What is compost?

At the simplest level, compost is wetted organic matter known as green waste (leaves, food waste) that has broken down into break down into humus after a period of weeks or months.

Compost is rich in nutrients, and used as a soil conditioner, a fertilizer, and as a natural pesticide for soil. In ecosystems, compost is useful for erosion control, land and stream reclamation, wetland construction, and as landfill cover.



This product is really a “finished” mushroom compost with a basically neutral pH (6.5 to 7.5). “Finished” means it is fully decomposed (broken down to a fine, black, soil-like structure). Lab tests rate this product from very good to excellent in NKP (ppm rates) and other essential trace elements required for healthy plant development. It has outstanding water absorption quality, permitting absorption of 80% of its weight (by contrast clay allows only about 15%). Humus is a premium soil amendment used in preparing holes for planting vegetable gardens, ornamental shrubbery and flowerbeds or as a topdressing when seeding or sodding your lawn.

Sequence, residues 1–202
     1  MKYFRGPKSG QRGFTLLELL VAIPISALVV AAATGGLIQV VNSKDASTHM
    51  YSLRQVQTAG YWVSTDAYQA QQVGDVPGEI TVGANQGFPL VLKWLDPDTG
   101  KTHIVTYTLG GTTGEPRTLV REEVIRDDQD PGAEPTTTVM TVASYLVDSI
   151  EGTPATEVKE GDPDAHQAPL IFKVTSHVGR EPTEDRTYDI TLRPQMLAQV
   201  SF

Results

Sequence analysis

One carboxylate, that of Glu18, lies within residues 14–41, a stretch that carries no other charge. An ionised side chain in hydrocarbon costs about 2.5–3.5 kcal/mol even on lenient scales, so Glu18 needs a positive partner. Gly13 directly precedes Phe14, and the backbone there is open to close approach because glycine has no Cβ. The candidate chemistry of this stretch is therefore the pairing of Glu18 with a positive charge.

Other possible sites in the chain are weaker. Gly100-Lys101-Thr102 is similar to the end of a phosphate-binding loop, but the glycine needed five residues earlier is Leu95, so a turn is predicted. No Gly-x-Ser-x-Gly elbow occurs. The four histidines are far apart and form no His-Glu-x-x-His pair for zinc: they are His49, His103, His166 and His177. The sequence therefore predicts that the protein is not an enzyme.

Modern, methodical composting is a multi-step, closely monitored process with measured inputs of water, air, and carbon- and nitrogen-rich materials. The decomposition process is aided by shredding the plant matter, adding water and ensuring proper aeration by regularly turning the mixture. Worms and fungi further break up the material.